"As I continue to live my best life..." This is a phrase that symbolizes a modern American view that makes me want to vomit. I've seen variations of this on social media. Apparently living one's "best life" involves worship of the self and a complete absence of humility. It pretends to look down on one's life from above. An omniscient self peering down at the little ants below, and noticing one of the ants is the current self, while other metaphorical ants are the self living a worse version of your life.
Another aspect of the self-centered American capitalist without a soul is the emphasis on "best." Money and commercialism combine to point wayward sheep toward the goal of getting the "best" of everything in order to fill the hole within the self. This unending quest to do things like "Find Your Beach" and "Have It Your Way" and "Make a Bucket List," are all versions of locating and striving for single-mindedness and crossing things off one's checklist. As if life is something to be rationally deconstructed and contained. Desire. Tackle it. Fulfill it. Move on to the next thing before you realize you're still empty.
This way of living leads toward hedonism and nihilism, but the self-driven, self-help industry tempts the least stable and least aware among us. We see it among the Baby Boomers, who don't know how to retire without crossing more off their lists. We see it among the newly-wealthy technocrats, who travel to the edges of the world to "find themselves," aiming to cash out and retire early, denying all responsibility for the Pandora’s box that is social media’s influence on our society. We see it in our worst politicians, who work for their donors and reelection rather than the people they claim to represent. We see it in the claims of “socialism” toward any progressive policy. We see it in the extravagance of social media narcissism. Those that are working toward helping humanity are usually struggling to pay rent.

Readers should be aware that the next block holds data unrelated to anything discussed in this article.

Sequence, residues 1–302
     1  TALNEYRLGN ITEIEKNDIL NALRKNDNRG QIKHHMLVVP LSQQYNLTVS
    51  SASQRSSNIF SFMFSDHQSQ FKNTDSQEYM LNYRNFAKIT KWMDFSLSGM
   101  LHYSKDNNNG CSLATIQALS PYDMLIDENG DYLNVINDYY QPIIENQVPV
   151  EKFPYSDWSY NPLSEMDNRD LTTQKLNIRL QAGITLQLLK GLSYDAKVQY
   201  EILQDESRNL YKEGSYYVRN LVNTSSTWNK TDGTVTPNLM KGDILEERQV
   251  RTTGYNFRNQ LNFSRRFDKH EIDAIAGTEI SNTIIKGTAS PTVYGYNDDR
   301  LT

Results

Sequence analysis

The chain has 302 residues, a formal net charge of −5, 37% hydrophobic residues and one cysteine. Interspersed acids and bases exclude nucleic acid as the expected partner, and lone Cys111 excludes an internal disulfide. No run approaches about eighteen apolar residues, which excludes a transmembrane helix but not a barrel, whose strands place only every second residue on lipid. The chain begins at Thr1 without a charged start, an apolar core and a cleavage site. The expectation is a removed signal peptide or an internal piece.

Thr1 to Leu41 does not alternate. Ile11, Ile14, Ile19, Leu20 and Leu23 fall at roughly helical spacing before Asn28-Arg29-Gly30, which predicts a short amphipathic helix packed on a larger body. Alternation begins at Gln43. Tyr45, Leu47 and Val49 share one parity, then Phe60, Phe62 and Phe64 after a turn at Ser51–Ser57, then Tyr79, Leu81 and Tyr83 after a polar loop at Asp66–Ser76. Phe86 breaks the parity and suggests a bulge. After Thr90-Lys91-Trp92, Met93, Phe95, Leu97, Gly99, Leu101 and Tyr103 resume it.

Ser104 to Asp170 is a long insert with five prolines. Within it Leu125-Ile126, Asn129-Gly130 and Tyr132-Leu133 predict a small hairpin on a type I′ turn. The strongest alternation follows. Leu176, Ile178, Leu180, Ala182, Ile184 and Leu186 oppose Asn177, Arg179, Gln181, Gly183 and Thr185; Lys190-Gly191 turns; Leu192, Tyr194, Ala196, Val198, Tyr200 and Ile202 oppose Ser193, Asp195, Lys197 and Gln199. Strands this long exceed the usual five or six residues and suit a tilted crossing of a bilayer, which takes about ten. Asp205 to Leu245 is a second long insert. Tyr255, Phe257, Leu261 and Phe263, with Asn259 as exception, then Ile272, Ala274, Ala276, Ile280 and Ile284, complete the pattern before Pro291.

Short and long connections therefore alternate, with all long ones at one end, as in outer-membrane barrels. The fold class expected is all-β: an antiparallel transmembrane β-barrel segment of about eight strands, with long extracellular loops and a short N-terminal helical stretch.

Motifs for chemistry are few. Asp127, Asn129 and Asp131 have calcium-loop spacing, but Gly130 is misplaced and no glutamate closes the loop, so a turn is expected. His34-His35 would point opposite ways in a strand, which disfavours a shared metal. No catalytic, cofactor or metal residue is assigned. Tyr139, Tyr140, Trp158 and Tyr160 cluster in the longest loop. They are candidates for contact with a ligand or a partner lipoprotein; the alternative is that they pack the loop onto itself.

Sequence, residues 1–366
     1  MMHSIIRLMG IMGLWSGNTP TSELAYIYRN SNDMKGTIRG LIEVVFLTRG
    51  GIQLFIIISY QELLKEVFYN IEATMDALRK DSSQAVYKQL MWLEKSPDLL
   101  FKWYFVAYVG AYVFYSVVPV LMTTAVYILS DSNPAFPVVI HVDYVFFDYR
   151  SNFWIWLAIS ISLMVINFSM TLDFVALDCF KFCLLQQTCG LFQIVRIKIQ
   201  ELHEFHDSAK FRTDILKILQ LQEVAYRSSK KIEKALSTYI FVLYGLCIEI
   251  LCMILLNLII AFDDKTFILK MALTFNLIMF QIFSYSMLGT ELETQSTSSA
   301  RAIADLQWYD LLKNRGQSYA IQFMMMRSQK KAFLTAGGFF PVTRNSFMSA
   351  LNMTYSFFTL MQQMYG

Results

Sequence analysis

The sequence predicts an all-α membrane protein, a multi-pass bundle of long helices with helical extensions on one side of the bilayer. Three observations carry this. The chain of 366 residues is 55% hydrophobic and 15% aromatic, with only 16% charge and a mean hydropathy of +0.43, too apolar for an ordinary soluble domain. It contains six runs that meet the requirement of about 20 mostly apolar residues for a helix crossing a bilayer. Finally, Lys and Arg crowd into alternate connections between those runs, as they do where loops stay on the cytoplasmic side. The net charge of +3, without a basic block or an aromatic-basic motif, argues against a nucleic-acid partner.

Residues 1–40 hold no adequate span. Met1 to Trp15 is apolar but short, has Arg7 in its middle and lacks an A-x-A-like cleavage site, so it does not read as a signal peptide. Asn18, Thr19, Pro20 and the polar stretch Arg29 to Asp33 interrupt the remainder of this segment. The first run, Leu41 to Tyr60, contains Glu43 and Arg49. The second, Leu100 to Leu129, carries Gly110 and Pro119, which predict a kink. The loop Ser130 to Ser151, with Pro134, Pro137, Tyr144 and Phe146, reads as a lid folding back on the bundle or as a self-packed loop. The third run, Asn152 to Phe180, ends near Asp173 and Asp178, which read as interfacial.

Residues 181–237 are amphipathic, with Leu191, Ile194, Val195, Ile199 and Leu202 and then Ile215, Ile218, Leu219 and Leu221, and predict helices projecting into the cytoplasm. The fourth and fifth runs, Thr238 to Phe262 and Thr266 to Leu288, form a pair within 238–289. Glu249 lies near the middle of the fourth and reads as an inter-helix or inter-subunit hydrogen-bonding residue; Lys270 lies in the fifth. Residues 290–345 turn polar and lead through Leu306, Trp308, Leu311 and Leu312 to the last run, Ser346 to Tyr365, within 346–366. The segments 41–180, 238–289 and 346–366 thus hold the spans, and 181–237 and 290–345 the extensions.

The idea that we choose the direction for our lives is a positive and necessary one. Instead of life devouring us due to the randomness of birth, family, place and time, those who are economically fortunate in the western world (and increasingly in China and India) are taught see the "self" as a collection of choices a person makes, with emphasis on personal responsibility and a naive understanding of socioeconomic structures. We’re taught to blame the victim for their circumstances, and we’re taught not to trust. Paradoxically, the only way we’ll survive for another 100 years is by trusting each other broadly, and blaming the systems and corrupt leaders who’ve led us down this uneven path toward climate destruction, economic inequality, and hatred of the other.
Getting out from under this collective avalanche may not be possible. If it is, it’ll take a broad shift away from narcissism and "best life" thinking and a shift toward imagining a better life for all.